LEWISTON, N.Y. (WIVB)- A weak Canadian dollar has created a bit of a lull in border traffic between the U.S. and Canada, but a record-breaking jackpot temporarily turned that around.
“In this case it was unique because it’s not often you get such a huge rush for lottery. Football games and hockey games we’re used to, there’s a lot of cross border traffic for that, but for lottery not so much,” said Chief Customs and Border Protection Officer, Aaron Bowker.
That wasn’t the case Wednesday.
CBP officers caught two Canadian women breaking the law, both claimed they were crossing over to play the Powerball.
33-year-old Kenishia Brown, a Canadian resident, was nabbed at the Rainbow Bridge. Bowker said little parts of her story just didn’t add up, so officers sent her in for a second round of checks.
“During a pocket search they found counterfeit $50 bills totaling $2,900,” he told News 4.
Brown was turned over to the Niagara Falls Police Department.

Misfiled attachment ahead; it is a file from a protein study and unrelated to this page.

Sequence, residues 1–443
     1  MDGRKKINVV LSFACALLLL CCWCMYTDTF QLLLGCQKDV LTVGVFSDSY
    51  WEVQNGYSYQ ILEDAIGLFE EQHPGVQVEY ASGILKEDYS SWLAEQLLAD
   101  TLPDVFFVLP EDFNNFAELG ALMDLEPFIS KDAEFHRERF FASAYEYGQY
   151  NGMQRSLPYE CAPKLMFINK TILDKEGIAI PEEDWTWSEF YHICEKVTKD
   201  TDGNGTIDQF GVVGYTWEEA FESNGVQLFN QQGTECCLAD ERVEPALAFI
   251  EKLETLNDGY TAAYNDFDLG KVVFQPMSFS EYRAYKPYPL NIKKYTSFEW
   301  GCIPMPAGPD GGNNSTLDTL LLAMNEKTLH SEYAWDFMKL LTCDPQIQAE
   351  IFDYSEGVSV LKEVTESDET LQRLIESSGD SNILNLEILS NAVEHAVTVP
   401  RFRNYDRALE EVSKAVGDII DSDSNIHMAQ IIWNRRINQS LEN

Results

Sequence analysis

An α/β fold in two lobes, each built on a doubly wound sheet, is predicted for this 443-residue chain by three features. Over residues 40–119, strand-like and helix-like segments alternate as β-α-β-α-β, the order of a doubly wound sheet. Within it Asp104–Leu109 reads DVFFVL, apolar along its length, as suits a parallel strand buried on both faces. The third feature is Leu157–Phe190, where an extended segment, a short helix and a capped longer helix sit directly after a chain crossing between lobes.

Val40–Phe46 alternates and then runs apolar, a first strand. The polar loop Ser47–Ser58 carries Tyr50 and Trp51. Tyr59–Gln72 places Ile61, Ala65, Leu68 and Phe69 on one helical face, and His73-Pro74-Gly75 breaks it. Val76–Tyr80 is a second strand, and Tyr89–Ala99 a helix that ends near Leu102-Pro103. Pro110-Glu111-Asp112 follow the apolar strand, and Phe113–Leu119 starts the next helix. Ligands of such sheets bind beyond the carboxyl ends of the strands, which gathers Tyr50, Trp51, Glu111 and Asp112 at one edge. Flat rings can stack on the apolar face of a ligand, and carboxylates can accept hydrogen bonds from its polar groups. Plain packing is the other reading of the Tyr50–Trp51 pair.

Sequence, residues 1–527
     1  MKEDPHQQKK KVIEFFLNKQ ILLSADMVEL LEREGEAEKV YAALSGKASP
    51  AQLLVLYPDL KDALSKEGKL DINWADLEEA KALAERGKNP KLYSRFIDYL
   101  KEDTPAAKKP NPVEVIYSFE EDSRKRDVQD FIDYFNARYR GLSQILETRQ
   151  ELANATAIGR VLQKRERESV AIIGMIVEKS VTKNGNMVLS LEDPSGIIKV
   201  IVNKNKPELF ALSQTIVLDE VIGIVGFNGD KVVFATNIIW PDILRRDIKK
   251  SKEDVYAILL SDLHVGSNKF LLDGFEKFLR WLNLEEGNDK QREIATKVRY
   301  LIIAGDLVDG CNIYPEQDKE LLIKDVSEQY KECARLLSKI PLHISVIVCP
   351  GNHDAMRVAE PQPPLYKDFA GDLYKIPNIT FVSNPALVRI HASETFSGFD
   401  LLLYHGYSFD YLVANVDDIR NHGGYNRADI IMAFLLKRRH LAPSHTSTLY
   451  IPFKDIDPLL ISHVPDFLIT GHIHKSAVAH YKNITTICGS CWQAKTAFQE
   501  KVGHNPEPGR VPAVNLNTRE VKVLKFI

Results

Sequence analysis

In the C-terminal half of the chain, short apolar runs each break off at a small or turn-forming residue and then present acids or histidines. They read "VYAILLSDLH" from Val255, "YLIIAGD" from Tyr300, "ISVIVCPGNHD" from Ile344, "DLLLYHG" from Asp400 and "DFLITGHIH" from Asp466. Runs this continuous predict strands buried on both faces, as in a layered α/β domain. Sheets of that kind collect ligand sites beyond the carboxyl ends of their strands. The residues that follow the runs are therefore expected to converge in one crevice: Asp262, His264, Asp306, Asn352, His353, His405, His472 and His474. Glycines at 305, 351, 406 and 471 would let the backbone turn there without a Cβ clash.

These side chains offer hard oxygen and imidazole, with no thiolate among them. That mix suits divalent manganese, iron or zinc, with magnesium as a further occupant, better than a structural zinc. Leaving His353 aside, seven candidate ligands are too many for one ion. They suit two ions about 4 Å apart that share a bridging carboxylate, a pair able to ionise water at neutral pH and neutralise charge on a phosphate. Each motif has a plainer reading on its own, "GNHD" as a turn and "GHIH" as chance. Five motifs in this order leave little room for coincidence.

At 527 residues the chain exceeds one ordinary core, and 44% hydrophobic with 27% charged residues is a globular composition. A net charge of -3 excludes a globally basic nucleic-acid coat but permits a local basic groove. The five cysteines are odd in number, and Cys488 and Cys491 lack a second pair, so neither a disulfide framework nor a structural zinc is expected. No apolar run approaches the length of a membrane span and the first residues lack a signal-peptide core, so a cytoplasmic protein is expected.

Over at the Lewiston Bridge, 33-year-old Canadian citizen Miranda Ferron also set off red flags, but it was a canine CBP officer who uncovered a Foosball table during her check.
Something about its scent set him off.
Once authorities took it apart, it was clear what it was; 55 pounds of marijuana.
“You see a lot of weird things all the time, but this is the first time I’ve seen marijuana in a Foosball table. That was sort of a unique way to store it, “Bowker said.
The drugs are worth about $60,000 dollars on the street.
Ferron is now in state police custody.
Bowker said that first encounter with CBP officers is vital to nabbing offenders.
He also said catching people claiming they’re entering the U.S. to play the Powerball comes with a unique set of challenges.
“It’s kind of hard to prove you’re going to buy a Powerball lottery ticket. It’s not like going to a hockey game when you have hockey tickets.”
One thing CBP officers look for he said, is where people are trying to enter the country; is it a place you an easily purchase tickets?
In both cases, the officers felt something just wasn’t right, which led to further investigation.
“They talk to thousands of people every day so they’re used to what fits and what doesn’t fit,” Bowker told News 4.